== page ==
Creature from the Black Lagoon is a fairly straight-forward horror film, but even sixty-five years later, it still works. The movie plays on the fear of the unknown creature. Deep in the Amazon Rainforest, there might be some kind of ancient, half-fish-half-man horror that sets out to kill all humans who come into its territory. Maybe it even wants to steal away the women to continue living. That's a scary thought, in and of itself. When you add that to the movie's best quality, the score, it makes for some truly chilling, truly tense scenes. The whole film is well done, especially for 1954. The set design is fully believable, and the acting is solid all around. Julie Adams specifically does a great job. Even gill-man's costume was relatively well done, especially for the time.
We didn't come here to fight monsters, we're not equipped for it. Out of Universal Pictures, Creature from the Black Lagoon is directed by Jack Arnold, and stars Richard Carlson, Julia Adams, Richard Denning, Antonio Moreno, and Whit Bissell. The eponymous creature was played by Ben Chapman on land and Ricou Browning for the underwater scenes. The cinematography is by William E. Snyder and the score is composed by a trio of men, Henry Mancini, Hans J. Salter & Herman Stein. The story sees a scientific expedition at the top end of the Amazon encounter a Devonian Period amphibious creature. As the creature starts to defend its turf by attacking members of the expedition, in fighting begins to take a hold as the men argue about the best course of action to take. Should it be killed, or should it be captured for scientific research? Either way they need to act fast as the creature has taken a fancy to Kay, the sole female member of the expedition group. One of the better creature features that surfaced in the 1950s, Creature from the Black Lagoon was one of the film's made as part of the 3D craze that filtered out of Hollywood in 53 & 54. However, unlike many of those film's that were made in the format over those two years, this one has rightly managed to break away from its gimmicky beginnings to become regarded as a genre classic. There are many reasons why it is still well regarded and taken in appreciatively by newcomers. The story of course is nothing new, the old "beauty & the beast" theme can be traced back to the daddy himself, "King Kong". But much like Kong, Arnold's movie thrives within the endearing story by getting the audience to sympathise with the titular creature. He is after all only defending his territory, he was happy wallowing down in the depths, remaining undiscovered for many a moon. That he is fascinated by the considerable beauty of Kay Lawrence (Adams sexy and gorgeous), is no crime either. The amount of sympathy garnered for "Gill-Man" is helped enormously by the illogical actions of the humans; who in turn go diving and swimming where legend has it men get eaten! This coupled with their bickering about pro science or trophy hunting makes it easy to side with the amphibious one. It also helps that the film is pretty brisk and only runs for 80 minutes, there's no sags or pointless filler. Too many similar film's of its ilk labour until the monster shows up and all hell then breaks loose. But under Arnold's (It Came From Outer Space/The Incredible Shrinking Man) astute direction, atmosphere and unease is built up by ominous talk and sightings of the Black Lagoon-and only initial glimpses of the creature's scaly webbed claw; accompanied by the attention grabbing theme music. And when the creature finally reveals itself it doesn't disappoint for its an impressive creation. A half-man/half-fish creature covered in scales, resplendent with gills and with cold, dark featureless eyes. It also has great characteristics with a distinctive swimming style in the water, and a lumbering Frankenstein thing going on when on the land. A definitive monster that would be merchandised for ever after. There's also technical accomplishments away from the creature itself, notably with the memorable underwater photography by Snyder, who uses a portable camera to flow with the swimming sequences, while his shadow and light work down in the depths is memorably mood enhancing. The three tiered score is also one of the best to feature in a "B" movie schlocker, three different composers, three different emotional strands; nice. Then there's of course the definitive sequence, the sexy underwater flirting as "Gill-Man" swims below the shapely form of Kay, beguiled by her, it's love at first sight. He's not the only one beguiled, we all are, as was Steven Spileberg, who would homage the more dramatic part of the sequence in his opening for Jaws 21 years later. Whilst last but not least it should be mentioned that there are little asides to ecological issues in the piece, something Arnold was want to do. Two sequels would follow, Arnold would return for "Revenge Of The Creature" in 1955 and then the John Sherwood directed "The Creature Walks Among Us" would round off the trilogy in 1956. It's the original that still holds up today. 8/10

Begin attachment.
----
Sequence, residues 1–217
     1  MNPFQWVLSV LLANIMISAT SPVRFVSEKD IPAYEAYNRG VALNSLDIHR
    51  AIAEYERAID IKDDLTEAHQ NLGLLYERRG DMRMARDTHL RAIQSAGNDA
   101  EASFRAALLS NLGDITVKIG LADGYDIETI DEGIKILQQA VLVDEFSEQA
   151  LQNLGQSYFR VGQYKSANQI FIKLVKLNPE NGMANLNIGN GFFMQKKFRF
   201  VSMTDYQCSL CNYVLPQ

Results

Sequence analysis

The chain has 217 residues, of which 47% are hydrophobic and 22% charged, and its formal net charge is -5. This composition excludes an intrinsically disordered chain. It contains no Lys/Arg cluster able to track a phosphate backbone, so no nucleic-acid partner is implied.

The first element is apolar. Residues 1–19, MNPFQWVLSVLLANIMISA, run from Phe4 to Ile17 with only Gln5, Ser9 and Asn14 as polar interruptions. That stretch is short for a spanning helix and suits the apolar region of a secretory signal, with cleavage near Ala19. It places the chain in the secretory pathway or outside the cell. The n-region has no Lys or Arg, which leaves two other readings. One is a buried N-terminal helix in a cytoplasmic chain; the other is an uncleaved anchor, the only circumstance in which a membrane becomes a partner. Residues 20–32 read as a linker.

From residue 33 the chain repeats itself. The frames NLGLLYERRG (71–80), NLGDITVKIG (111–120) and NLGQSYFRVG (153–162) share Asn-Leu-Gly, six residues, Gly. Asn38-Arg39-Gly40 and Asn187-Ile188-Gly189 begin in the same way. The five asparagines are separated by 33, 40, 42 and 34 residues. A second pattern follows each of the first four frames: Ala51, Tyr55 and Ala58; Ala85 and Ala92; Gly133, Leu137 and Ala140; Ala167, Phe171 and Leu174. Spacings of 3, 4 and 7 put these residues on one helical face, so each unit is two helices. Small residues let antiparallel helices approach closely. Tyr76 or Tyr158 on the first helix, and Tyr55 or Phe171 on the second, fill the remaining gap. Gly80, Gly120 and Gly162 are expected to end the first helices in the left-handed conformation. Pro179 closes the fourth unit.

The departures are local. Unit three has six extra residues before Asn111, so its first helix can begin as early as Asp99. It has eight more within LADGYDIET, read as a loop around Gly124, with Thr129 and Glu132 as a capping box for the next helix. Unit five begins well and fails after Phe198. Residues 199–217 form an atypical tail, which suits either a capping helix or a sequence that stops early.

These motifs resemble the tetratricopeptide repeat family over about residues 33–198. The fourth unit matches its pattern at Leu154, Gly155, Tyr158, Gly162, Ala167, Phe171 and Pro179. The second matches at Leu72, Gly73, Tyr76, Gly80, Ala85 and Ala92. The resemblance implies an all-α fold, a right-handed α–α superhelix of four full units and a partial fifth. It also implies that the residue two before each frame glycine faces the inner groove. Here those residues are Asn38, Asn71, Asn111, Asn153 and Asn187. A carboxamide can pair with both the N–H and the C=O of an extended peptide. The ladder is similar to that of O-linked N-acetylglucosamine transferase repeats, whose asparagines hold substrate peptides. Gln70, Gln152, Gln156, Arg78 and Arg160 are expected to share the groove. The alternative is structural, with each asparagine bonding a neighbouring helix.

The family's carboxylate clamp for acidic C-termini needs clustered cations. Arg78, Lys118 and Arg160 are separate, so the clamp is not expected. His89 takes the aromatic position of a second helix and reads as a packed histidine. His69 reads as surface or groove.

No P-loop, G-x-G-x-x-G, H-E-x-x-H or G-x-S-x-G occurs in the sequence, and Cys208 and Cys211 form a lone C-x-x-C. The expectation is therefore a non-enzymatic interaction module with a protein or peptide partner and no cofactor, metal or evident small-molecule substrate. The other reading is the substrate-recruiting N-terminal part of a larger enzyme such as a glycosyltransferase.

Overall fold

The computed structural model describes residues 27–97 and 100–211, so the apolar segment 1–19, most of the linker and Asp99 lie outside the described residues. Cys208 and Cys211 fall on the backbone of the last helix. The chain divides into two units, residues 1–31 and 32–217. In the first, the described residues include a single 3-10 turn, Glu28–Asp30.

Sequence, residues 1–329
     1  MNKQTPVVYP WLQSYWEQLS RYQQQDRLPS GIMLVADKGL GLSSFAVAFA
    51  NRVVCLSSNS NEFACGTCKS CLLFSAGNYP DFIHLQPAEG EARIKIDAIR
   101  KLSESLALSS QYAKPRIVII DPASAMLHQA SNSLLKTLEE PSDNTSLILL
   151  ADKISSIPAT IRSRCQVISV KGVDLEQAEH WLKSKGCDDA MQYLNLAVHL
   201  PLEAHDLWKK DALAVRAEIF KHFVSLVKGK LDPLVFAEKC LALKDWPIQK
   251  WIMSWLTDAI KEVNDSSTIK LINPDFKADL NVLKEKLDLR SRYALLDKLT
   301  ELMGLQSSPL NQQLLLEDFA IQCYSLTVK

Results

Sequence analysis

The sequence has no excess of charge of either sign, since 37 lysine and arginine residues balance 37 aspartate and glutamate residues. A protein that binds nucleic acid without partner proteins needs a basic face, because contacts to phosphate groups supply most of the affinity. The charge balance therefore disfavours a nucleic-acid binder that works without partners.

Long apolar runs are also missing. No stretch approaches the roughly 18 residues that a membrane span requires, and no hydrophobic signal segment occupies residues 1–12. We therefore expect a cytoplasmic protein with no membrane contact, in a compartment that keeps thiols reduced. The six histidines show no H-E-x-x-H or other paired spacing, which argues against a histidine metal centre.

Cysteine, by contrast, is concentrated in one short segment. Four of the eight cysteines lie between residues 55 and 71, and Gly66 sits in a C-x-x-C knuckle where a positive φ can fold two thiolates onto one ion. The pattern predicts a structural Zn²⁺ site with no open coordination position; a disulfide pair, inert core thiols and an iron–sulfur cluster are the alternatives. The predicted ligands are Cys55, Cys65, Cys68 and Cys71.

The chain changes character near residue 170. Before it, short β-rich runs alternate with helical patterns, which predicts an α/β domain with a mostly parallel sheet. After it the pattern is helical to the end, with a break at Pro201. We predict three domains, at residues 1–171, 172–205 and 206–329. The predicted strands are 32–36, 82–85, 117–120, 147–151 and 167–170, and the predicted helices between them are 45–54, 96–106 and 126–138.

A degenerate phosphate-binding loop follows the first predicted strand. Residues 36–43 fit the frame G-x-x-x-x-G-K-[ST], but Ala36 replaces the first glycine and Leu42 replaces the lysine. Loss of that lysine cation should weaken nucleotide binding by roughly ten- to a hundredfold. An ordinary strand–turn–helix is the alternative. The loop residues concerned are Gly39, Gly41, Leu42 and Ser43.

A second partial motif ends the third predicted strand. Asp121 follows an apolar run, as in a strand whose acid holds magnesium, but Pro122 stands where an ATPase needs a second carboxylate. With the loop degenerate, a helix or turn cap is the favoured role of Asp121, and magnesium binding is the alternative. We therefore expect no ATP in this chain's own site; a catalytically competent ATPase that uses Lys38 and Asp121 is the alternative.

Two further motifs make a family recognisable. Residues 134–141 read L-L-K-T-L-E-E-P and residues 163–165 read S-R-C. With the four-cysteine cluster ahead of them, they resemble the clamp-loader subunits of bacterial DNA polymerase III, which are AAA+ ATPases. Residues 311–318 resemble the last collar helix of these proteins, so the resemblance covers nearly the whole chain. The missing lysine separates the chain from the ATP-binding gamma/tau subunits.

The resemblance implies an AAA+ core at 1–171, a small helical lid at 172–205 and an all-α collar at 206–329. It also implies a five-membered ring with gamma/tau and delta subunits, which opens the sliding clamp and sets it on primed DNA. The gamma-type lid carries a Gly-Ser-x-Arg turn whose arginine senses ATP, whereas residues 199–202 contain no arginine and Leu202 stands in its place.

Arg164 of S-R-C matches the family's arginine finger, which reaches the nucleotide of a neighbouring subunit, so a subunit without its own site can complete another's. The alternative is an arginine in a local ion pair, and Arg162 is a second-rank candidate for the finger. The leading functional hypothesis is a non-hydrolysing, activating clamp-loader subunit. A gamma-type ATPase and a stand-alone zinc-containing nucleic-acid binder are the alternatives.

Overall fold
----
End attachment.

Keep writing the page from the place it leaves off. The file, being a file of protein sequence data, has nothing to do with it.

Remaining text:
'Creature from the Black Lagoon' is an entertaining flick from 1954. For a film made so long ago, it really does age nicely. Sure some of the ways used to bring the creature to life look a little dorky in patches, but for the most part I felt the required creepiness - especially via the creature's face. It has the feel of a very well made production, which is little surprise given it's a Universal production of course. I also like how it has a sense of knowledge to it, who knows if it all adds up but it sounds the part at least. I enjoyed the cast, they all work well together onscreen. Richard Carlson, Julie Adams and Richard Denning are naturally the standouts, though I also found Nestor Paiva to be decent. Interesting to note that two people played the Gillman, with Ben Chapman on land and Ricou Browning underwater. The start of a trilogy, I'm keen to check out the two sequels.